Riccardo Blumer’s Wall and Space featured in Azure Magazine!
Highlights of the Arsenale at the 2018 Venice Biennale
By Nelda Rodger
The 16th International Architecture Exhibition at the Venice Biennale, curated by Yvonne Farrell and Shelley McNamara, is called FREESPACE. Here are a few highlights from the Arsenale’s 50,000-square-metre exhibition space, displaying installations by top architects from around the world. Pack your walking shoes – this is the biggest architecture show on the planet.
Under a cloudless Venetian sky, La Biennale Architettura opened to the public on May 26. The following are some of the highlights of the installations in the Arsenale – one of the two venues, along with the Giardini, in the eastern part of Venice where the exhibition takes place. Once the largest ship-building centre in the world, the Arsenale now provides some 50,000 square meters of extraordinary exhibition space. The scale is mammoth – the Corderie, the 317-metre-long hall that the exhibition kicks off in, is supported by a series of massive columns that rise six metres high. Even empty the venue is a stunning architectural display.
This year’s appointed curators, Yvonne Farrell and Shelley McNamara of Ireland’s Grafton Architects, entitled the 16th International Architecture Exhibition FREESPACE. Farrell and McNamara define the concept of free space as spaces which testify to the generosity and humanity at the roots of architectural practice. “We see architecture as the translation of need in its widest sense into meaningful space,” say Farrell and McNamara.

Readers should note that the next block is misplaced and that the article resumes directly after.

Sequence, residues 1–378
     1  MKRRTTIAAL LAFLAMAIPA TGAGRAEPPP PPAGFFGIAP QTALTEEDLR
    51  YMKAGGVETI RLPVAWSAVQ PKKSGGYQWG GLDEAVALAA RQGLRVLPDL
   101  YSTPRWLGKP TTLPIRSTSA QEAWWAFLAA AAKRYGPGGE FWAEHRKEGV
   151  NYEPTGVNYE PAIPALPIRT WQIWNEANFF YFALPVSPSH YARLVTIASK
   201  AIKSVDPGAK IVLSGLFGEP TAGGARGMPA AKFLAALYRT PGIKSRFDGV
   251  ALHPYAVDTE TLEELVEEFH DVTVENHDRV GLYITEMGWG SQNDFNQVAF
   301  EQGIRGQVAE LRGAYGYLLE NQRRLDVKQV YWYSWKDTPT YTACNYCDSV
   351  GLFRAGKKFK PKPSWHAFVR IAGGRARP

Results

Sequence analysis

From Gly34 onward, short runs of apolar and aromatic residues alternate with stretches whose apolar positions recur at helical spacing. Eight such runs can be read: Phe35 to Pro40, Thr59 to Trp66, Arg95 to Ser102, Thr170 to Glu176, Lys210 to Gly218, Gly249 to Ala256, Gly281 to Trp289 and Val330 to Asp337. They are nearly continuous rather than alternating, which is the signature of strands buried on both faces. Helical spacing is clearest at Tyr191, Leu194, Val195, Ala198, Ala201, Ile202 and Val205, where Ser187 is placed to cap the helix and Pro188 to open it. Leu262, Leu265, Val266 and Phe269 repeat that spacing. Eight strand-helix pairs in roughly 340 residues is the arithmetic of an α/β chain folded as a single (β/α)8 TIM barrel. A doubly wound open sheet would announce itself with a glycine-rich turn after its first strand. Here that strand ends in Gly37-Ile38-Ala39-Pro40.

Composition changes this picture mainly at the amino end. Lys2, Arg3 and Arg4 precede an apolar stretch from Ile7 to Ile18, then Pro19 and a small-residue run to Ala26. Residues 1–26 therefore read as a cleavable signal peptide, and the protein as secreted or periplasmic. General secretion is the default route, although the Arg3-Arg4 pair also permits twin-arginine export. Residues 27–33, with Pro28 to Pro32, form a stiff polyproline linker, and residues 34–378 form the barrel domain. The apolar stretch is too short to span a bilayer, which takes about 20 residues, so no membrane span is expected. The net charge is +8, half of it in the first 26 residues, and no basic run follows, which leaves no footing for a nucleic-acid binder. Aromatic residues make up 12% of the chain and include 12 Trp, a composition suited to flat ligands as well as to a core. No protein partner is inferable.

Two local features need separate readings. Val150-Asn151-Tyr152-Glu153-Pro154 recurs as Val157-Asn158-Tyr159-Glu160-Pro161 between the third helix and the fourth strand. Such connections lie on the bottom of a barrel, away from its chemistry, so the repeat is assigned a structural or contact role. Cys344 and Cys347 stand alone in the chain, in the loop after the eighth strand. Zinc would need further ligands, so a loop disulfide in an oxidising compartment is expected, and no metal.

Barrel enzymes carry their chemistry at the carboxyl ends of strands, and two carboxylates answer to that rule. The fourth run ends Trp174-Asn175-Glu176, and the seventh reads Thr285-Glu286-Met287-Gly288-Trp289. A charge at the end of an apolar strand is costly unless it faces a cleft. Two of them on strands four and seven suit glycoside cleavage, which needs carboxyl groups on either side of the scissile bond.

There can be no argument with the concept and the sincerity of intent: who doesn’t want an architecture that steps outside itself to accommodate human need and interaction, intended or not? But in the context of the exhibition, it’s sometimes difficult to find the through-line. Interaction sometimes feels trivializing. There is no lack of things to climb up on in the Arsenale, to peer into and to ponder. The sheer magnitude of the exhibition – with 64 firms participating in the Arsenale along with a couple of dozen national pavilions – makes it physically challenging to “see” the exhibition, without ever actually de-coding it. But perhaps that is the reality of free space, a space that the user brings intention to, or not.
Organized by La Biennale di Venezia, the architecture exhibition takes place every two years, alternating with the Art Biennale. In addition to the Arsenale, the Giardini, a parkland area, houses the Central Pavilion, where the FREESPACE exhibition curated by Farrell and McNamara continues, along with 29 national pavilions that each showcase particular countries or regions. If you are thinking of catching it before it closes on November 25, pack your walking shoes, this is the biggest architecture show on the planet.
Riccardo Blumer’s students – Lorela Arapi, Stefano Clerici and Andrea Cappellaro –concocted Wall, a machine that continually builds minimal surfaces composed of water and soap that last only a few seconds. The project derives from a collaborative workshop at the Academy of Architecture, supported by the MADWORKSHOP Foundation.